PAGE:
The United Nations International World Youth Skills Day is celebrated annually on July 15th. The United Nations states, “Rising youth unemployment is one of the most significant problems facing economies and societies in today’s world.” Youth, aged 15 to 24 are almost three times more likely than adults to be unemployed. They constantly face issues such as low quality employment, job insecurity, inequality within the job market, and longer transitions between school and full time employment.
Education and training are essential to helping youth develop the skills necessary to achieve quality, sustainable employment. We need inclusive opportunities for quality education to build skills for all youth, including those with FASD, to ensure everyone has the ability to contribute to our society. World Youth Skills Day was created to raise awareness of youth unemployment rates, and mobilize action to combat this issue. Share your thoughts this July 15th using the hashtags #WYSD2019 and #YouthSkills and check out the events in your area celebrating World Youth Skills Day.
Employment Project for Individuals with FASD, has been submitted by Aamena Kapasi.
Aamena Kapasi is a PhD student in School and Clinical Child Psychology at the University of Alberta. Aamena has a passion for both research and clinical work with children, youth, and families. Aamena began working on the employment project in 2017, and recently presented the project at the 24th National Supported Employment conference in Montreal. Aamena looks forward to continuing to conduct research in interventions and supports for individuals with FASD.
Employment Project Overview
Employment is important for many reasons, including providing an income, opportunities to connect with others, a means of developing oneself, and it can increase self-esteem and quality of life. With appropriate supports, individuals with FASD can obtain and maintain employment. The CanFASD Network in partnership with the Government of Alberta, PolicyWise, and the University of Alberta developed a project to better understand the employment experiences of individuals with FASD, the needs of community employment agencies, and the ways in which a structured approach can help to support individuals with FASD to obtain and maintain employment.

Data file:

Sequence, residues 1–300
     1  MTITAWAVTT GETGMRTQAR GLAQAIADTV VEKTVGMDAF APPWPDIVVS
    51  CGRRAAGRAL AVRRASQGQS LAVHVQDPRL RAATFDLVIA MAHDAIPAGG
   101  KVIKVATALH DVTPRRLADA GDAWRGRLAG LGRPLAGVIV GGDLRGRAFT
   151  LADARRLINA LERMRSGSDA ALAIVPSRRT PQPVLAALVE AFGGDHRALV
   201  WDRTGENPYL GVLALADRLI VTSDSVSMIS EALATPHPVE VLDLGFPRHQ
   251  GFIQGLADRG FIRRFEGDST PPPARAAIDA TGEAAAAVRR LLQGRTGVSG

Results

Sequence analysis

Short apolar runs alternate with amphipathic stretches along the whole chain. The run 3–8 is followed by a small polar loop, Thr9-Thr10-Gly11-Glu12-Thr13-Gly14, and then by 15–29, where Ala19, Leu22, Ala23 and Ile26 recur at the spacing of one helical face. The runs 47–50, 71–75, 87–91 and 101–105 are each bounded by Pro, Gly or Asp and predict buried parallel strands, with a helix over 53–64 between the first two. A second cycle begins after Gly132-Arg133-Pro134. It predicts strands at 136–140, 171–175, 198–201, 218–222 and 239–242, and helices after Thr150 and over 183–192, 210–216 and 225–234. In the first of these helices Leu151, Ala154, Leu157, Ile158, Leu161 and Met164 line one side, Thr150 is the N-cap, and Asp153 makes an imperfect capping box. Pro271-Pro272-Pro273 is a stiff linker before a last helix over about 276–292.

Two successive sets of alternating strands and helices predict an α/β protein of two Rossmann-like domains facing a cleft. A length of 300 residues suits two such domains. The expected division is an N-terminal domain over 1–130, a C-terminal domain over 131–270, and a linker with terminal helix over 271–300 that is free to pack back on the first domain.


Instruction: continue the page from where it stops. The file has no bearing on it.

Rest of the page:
Employment Success Study
We developed this research study to better understand employment success in adults with FASD. The aim of this study was to give a voice to the experiences of employment success for individuals with FASD. Adults with FASD, their caregivers, and their support professionals completed a survey about the employment journeys of adults with FASD.
Key findings from the survey responses revealed four factors that were important conditions of employment success for adults with FASD:
- Finding the right job fit
- Using relationship supports, including friends, family, and co-workers
- Identifying as having FASD at work
- Responding to specific workplace challenges by using accommodations
Respondents to the survey also identified four core success outcomes:
- Increased autonomy through remuneration
- Building self-esteem
- Developing social connections
- Becoming advocates for FASD
When individuals with FASD work in accommodating and supportive employment environments, they experience opportunities for a variety of positive outcomes. However, we learned that supporting an adult with FASD in their employment journey can be complex and difficult, and a resource to help guide those supporting individuals with FASD was needed.
We used information gathered from previous literature, the employment success study, and collaboration with community agencies to create an employment guide for assisting professionals working with adults with FASD. The employment guide that was developed provides a standardized process for assisting employment professionals as they help clients with FASD prepare for, obtain, and maintain employment. The guide is a collection of checklists and prompts that help employment professionals understand their client’s overall well-being and employment related needs. After the guide was developed, it was piloted with community agencies in Alberta.
The feedback from piloting the guide revealed that professionals sought additional information to assist in using the guide in their current practice. It was important to include the shared expertise of employment professionals, caregivers, employment organizations, and individuals with FASD in the guide to make it as comprehensive, accurate, and valuable as possible. In January 2019, employment professionals, caregivers, government officials, researchers, and others in the fields of employment and FASD were invited to attend an employment initiative meeting to contribute their wisdom and experiences to the further development of the employment guide. Following this initiative meeting, the guide was revised and a version 2 is now available with added information and suggestions. We engaged with many invested, collaborative, and positive stakeholders throughout this project and we owe our gratitude to the many individuals with contributed their time, effort, and perspectives to this project.
For more information about the CanFASD employment study and to access the employment guide, please go to the CanFASD website and look under the employment section.
This piece is missing in my daughter’s life. She has found success and happiness in being a mom. The problem is she is expecting number three. It is not a great situation. I wish she’d had a better time in school. She never found anything that she could be successful at.